[13]  Apostolara, P., Tsoumakas, K., Diomidous, M., & Kalokerinou, A., “The Correlation between Dyslexia and Social and Demographic Factors in Children of School Age,” Nosileftiki, 49, 164–173, 2010.
[14]  Vellutino, F., Fletcher, J., Snowling, M., & Scanlon, D., “Specific reading disability (dyslexia): What have we learned in the past four decades?,” Journal of Child Psychology and Psychiatry, 45, 2-40, 2004.
[15]  Vlachos, F., “Η γενετική βάση της δυσλεξίας: Σύγχρονα ευρήματα και μελλοντικές προοπτικές. [The genetic basis of dyslexia: Current findings and future perspectives (in Greek)]”. In P. Orfanos (Ed.) The special education in the society of knowledge, Grigoris Publications, Athens, Greece, 2007, 132-141.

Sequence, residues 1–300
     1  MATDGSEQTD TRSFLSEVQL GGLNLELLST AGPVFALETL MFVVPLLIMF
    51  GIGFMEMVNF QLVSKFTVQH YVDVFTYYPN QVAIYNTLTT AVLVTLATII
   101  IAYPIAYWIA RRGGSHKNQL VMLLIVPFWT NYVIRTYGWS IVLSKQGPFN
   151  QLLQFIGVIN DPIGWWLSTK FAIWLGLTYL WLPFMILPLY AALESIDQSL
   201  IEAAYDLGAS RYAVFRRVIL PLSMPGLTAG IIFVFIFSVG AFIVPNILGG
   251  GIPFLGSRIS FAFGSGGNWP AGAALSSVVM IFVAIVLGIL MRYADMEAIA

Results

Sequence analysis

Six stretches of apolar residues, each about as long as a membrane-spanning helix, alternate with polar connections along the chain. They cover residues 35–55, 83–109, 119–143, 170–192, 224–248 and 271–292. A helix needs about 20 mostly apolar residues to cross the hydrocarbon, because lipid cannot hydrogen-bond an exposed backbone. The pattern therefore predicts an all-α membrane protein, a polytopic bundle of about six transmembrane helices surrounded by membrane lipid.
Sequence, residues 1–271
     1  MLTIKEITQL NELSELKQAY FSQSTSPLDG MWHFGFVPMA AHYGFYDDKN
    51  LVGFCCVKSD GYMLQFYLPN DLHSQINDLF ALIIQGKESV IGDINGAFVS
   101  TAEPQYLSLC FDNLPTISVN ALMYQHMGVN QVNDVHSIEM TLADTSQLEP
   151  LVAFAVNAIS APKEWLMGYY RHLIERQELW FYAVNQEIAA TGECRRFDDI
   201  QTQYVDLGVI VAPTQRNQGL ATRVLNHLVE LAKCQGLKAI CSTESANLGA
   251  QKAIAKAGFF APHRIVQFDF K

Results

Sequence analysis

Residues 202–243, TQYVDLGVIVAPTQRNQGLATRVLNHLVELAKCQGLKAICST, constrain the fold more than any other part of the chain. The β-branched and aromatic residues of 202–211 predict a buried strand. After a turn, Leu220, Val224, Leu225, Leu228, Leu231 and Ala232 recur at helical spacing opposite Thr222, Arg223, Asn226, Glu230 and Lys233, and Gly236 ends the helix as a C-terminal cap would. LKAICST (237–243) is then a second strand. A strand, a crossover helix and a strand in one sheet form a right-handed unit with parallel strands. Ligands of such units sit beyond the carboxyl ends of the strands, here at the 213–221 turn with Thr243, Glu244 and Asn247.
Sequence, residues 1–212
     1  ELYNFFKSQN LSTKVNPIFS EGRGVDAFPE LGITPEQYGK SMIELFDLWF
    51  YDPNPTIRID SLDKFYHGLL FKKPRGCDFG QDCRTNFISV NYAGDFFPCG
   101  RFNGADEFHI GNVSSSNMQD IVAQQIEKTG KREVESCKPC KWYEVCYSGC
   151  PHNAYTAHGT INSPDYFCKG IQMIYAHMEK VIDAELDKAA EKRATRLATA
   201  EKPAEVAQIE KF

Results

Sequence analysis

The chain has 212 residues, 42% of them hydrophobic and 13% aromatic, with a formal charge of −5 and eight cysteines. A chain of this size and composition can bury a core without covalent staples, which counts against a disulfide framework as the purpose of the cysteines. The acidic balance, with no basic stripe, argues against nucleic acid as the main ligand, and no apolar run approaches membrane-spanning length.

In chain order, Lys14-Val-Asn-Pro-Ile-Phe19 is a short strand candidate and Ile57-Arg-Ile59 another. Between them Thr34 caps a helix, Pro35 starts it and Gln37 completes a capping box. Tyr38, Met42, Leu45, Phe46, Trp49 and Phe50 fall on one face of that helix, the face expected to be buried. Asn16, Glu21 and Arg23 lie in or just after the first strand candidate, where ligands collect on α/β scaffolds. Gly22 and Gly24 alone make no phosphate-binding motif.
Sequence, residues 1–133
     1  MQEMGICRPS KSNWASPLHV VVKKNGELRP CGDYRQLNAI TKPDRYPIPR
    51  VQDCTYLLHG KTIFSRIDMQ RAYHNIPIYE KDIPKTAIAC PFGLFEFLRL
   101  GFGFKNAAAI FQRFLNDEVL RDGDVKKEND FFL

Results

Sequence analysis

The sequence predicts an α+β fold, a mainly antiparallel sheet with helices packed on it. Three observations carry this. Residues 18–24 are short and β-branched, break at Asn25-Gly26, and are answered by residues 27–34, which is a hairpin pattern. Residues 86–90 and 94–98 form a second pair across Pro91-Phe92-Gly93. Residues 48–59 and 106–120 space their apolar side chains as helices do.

[16]  Tallal, P., Ross, R. & Gurtiss, S., “Unexpected sex-ratios in families of language/learning impaired children,” Neuropsychologia, 27, 987-998, 1989.
[17]  Wadsworth, S., DeFries, J., Stevenson, J., Gilger, J., & Pennington, B., “Gender ratios among reading disabled children and their siblings as a function of parental impairment,” Journal of Child Psychology and Psychiatry, 33, 1229-1239,1992.
[18]  Snowling MJ, Muter V, Carroll J, “Children at family risk of dyslexia: a follow-up in early adolescence,” J Child Psychol Psychiatr 48, 609–618, 2007.
[19]  Flannery, K., ., . & ., “Male prevalence for reading disability is found in a large sample of black and white children free from ascertainment bias,” 6, 433-442, 2000.
[20]  Liederman, J., Kantrowitz, L., & Flannery, K., “Male vulnerability to reading disability is not likely to be a myth: A call for new data,” Journal of Learning Disabilities, 38, 109−129, 2005.